This is probably the biggest experimental/avant-garde artsy fartsy film on this list and the pretentious asshole in me just loves it! Wow, this thing is so inaccessible I’m getting a boner just writing about it. So Scary Jo plays an alien who traps horny dudes at bars and lures them back to her place with the unspoken suggestion of sex. Once there she sinks them into the black goop floor and they’re liquified for protein. This is a formally incredible film, executed so well on a technical level that it brought about comparisons to Kubrick at the time of the release. Director Jonathan Glazer (Sexy Beast) really creates a fantastically suffocating atmosphere here and Johannson delivers maybe her best performance. You’ve never seen anything like it. HBOMax

4. Get Out (2017)

Jordan Peele / Fish Out of Water / White Liberals / Satire / Funny / Great Lead Performance

An absolute landmark not just in horror cinema but in mainstream cinema. This announced the arrival of Jordan Peele the filmmaker, not just the sketchster. Here he manages to communicate really raw and emotionally heavy ideas without ever feeling like cinematic broccoli. Peele knows how to keep you consistently entertained and even fuck with you a bit by sneaking in so many laugh-out-loud mini-moments. It also announced the arrival of star Daniel Kaaluya, an intense, chameleon of a young actor who went on to win an Oscar. $3.99 rental on Amazon

3. Green Room (2015)

A24 / Home Room Invasion / Heavy Metal Band vs. Nazis / Violent / Dark Humor

This is the type of movie most people will find too intense, but for those who can appreciate brilliantly constructed tension no matter how awful it makes them feel, this is the movie for you. Anton Yelchin (R.I.P.), Alia Shawkat, and some twenty-somethings are a touring heavy metal band on the last stretch of their cast. When their show gets canceled they get a replacement gig at a white power venue where they accidentally witness the murder of a young girl. Trapped in the green room and marked for death by the Nazis who run the joint, led by a chillingly restrained Patrick Stewart, the band is forced to fight their way out. Paramount + / Showtime

2. It Follows (2014)

Supernatural Killer / Horny Teens / Allegorical / Violent / Legit Scary / Ambigious Time Period

Basically an allegory for heartbreak and how fucking someone else can help you get over your past love. Heartbreak is represented here by a nameless, faceless presence that takes the shape of strangers or the folks you love and trust. It follows you forever until you sleep with someone else to pass on the curse or let it catch up to you and literally rip you apart. It Follows is masterful in building tension and subverting expectations at every turn, it’s genuinely scary and tremendously well cast. It also features one of the best scores of any horror movie ever, courtesy of Disasterpeace. Filmmaker David Robert Mitchell would go on to write and direct the disastrously bad and low-key sexist Under the Silver Lake, which A24 tried to bury in VOD. Netflix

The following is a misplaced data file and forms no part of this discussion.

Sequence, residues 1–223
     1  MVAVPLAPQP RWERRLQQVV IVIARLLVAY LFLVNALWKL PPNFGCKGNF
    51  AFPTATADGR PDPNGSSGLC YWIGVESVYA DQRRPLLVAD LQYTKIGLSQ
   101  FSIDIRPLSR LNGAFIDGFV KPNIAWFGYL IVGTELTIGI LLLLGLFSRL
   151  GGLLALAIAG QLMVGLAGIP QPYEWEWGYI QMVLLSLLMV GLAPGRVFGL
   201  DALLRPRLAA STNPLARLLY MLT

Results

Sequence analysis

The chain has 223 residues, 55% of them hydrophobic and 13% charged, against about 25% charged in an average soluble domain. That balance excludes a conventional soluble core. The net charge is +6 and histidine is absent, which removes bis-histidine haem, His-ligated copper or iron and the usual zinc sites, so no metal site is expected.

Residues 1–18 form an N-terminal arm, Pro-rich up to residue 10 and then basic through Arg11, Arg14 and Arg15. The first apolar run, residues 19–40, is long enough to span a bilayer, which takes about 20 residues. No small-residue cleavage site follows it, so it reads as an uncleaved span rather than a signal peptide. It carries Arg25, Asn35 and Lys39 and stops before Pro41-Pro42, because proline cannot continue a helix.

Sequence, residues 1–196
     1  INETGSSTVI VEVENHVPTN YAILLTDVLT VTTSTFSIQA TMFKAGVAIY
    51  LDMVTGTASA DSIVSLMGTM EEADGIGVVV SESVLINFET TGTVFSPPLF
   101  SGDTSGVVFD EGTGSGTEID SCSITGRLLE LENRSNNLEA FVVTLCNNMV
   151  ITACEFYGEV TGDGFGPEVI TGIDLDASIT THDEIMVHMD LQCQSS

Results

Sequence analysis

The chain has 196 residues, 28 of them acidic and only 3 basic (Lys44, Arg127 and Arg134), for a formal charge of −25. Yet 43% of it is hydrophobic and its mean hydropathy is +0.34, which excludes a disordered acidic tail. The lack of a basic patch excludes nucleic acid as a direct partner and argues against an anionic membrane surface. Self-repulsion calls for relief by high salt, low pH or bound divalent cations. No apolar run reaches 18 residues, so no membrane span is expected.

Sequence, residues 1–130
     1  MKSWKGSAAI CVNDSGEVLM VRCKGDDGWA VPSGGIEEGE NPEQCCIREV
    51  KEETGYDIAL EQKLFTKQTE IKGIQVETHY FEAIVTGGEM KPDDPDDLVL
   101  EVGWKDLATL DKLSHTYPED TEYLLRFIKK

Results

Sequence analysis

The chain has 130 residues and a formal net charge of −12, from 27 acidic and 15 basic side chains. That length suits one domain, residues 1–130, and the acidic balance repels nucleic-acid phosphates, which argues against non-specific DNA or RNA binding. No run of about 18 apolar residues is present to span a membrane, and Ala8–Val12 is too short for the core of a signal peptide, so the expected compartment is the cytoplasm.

1. The VVitch (2015)

A24 / Set in the 1600s / Scary Christian Stuff / Witches / Dysfunctional Family / Legit Scary

The closest thing I’ve seen to The Shining since The Shining, The VVitch is the scariest film on this list to me, an uneasy examination of how dangerous a holy text can be when viewed literally. It follows a prideful man who is so goddamn stubborn that he puts his family in a position to starve to death, isolated in the woods, rather than admit he’s being a pious asshole. After the baby is mysteriously abducted and eaten by a witch, the family members begin to lose faith in their God and each other and begin turning on each other. Written using vernacular from correspondence letters of the time period, The VVitch seems completely foreign yet all too familiar all at once. It feels uncomfortably real and like a hot critic quote from the original trailer points out, “It feels like something we shouldn’t be watching.” P.S. – The movie also discovered Anya Taylor-Joy. Thanks, movie. Paramount + / Showtime


Mulholland Drive (2001)

Better than any movie on my actual list, I was hesitant to top off this bad boy with Mulholland Drive because I don’t really see it as a “horror movie”. Many others do, so I decided to add a special section for David Lynch‘s nightmare vision of The Hollywood Dream. Naomi Watts delivers her best screen performance as an aspiring actress, Betty Elms, who, after winning a Jitterbug contest in Ontario, journeys to the city of angels. There she finds an amnesiac on the run (Laura Elena Harring) taking shelter in her aunt’s house and together they seek to solve the mystery of who she is. I’d say from there the movie goes off the rails, but this fucking train never started life on a track. It’s literally the cinematic equivalent of sticking your head out a window and being hit in the face with a 1000-piece puzzle. You’ll still be figuring it out years after you watch it. $3.99 rental on Amazon


Franchise with Me: The Hannibal Lecter Movies w/ Shawn Collins

Franchise with Me: Leprechaun w/ Ben V.

Franchise with Me: Chucky Movies w/ Michael Palladino

Franchise with Me: Dark Castle Entertainment w/ Danny Gurrola

FREDDY’S NIGHTMARES w/ Audrey Farnsworth (Season One)

MORE FREDDY’S NIGHTMARES w/ Audrey Farnsworth (Season Two)

The Puppet Master Franchise

  • Part One: The Early Years (#1-5)
  • Part Two: The Shitty Years (#6-8 + Demonic Toys tie-in) – coming soon
  • Part Three: The Nazi Years (#9-#12 + Blade spin-off) – coming soon